Geopolitically, there is a fascinating confluence of competing interests at this border.  This is "the scariest little corner of the world." It's a dangerous place that is often beyond the authority of any of state.  It also represents (depending on how you divide the world up) at the intersection of the three major regions in the area: Central Asia, the Middle East and South Asia.      


Tags: Afghanistan, political, borders, MiddleEast, SouthAsia, Central Asia, unit 4 political.

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Meagan Harpin's curator insight, October 15, 2013 9:35 PM

This is a dangerous place with no authority. This area is filled with fighting, bombing and constant war. But this area is also an important intersection for three major regions Central Asia, Middle East, and South Asia. 

Cam E's curator insight, March 4, 2014 11:35 AM

A meeting of different worlds at a border. I can't imagine the things one would see or hear living or growing up on a border of conflict such as this. Refugees are a common site, and no authority can dominate the others, making the area effectively lawless.

Edelin Espino's curator insight, December 13, 2014 3:19 PM

This note talk about the place in the desert where three hostile countries confront each other on the infinite war.

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Wild rice gene gives yield boost

Wild rice gene gives yield boost | Geography Education | Scoop.it
A gene from wild Indian rice plants can significantly raise the yield of common varieties in nutrient-poor soils by boosting root growth.

 

While many are leery of GMOs (with good reasons linked to health), it is important to recognize that there is society value to agricultural research that works on improving yields.  This article would be a good "other side of the coin" resource to share when discussing GMOs.   

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‘Why Should Boys Have All the Fun?’

‘Why Should Boys Have All the Fun?’ | Geography Education | Scoop.it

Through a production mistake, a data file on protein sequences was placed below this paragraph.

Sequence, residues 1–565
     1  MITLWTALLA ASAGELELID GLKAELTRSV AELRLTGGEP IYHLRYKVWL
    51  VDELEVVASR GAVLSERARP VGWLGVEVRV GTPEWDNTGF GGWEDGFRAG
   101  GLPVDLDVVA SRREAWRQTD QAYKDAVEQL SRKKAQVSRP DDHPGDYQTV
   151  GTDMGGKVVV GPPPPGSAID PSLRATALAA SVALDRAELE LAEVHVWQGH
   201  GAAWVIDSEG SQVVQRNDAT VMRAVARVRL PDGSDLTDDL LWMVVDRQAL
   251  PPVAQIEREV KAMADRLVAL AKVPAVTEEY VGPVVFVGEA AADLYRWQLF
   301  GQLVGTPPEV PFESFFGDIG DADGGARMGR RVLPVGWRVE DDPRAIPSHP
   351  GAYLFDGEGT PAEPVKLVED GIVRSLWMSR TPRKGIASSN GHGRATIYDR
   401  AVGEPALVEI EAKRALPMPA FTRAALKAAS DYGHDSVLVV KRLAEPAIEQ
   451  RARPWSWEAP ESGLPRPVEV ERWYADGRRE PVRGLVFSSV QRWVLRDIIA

Rather than focusing on how to make cities safe at any hour for citizens of both genders, the official response has been to curtail women's access to public areas deemed sensitive by authorities.

 

This is an interesting topic to use to debate urban policies and planning issues.  What leads to a safer city for women?  How does the creation of zones not safe for women impact the city long-term?  Think about scale: Is what is best for the city policy what is best for the individual? 

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Kim Vignale's comment, July 16, 2012 10:10 PM
Women in India are outraged due to the decisions the officials have made. Instead of solving the problem fairly, they are covering up the issue. Women are viewed as inferior in many developing countries. The government is enforcing the law by taking the women's freedom away; they aren't allowed in a pub after 8pm. If the law was fair and practical, officials would enforce strict laws on rape and assault and reiterate the seriousness of the crime and consequences.
Kaitlin Young's curator insight, December 13, 2014 6:57 PM

Public spaces in India are incredibly male-dominated, leading to problems with women's safety. Sexual harassment, molestation, and rape are becoming incredibly common, yet government officials refuse to address this problem. Instead of addressing the issue of male dominated spaces, officials are telling women to avoid public places. Blaming the women for the fact that they are getting attacked is a common occurrence in the world, and so far India is furthering the issue. Also, city infrastructure could be overhauled in order to light dark alleys and create larger open areas where women feel more comfortable. 

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Changing Real Estate Values

Changing Real Estate Values | Geography Education | Scoop.it
As Mumbai booms, the poor of its notorious Dharavi slum find themselves living in some of India's hottest real estate.

 

What do you think the future will hold for this slum neighborhood?  What will happen to the people that live there?  What will this place look like in 20 years?  What forces will create this change? 

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Muslims masquerade as Hindus for India jobs

Muslims masquerade as Hindus for India jobs | Geography Education | Scoop.it
Facing religious discrimination in the Hindu-dominated job market, many are forced to assume fake identities.
Seth Dixon's insight:

This is not that uncommon in India unfortunately.  As the articles states, a government commission was appointed in 2005 to investigate the degree to which Muslims were disadvantaged in social, economic and educational terms.  The commission concluded the socio-economic condition of most Muslims was as bad as that of the Dalits, who are at the bottom rung of the Hindu-caste hierarchy, also referred to as the "untouchables." 


Tags: labor, industry, economic, poverty, India.

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Jess Deady's curator insight, May 4, 2014 9:11 PM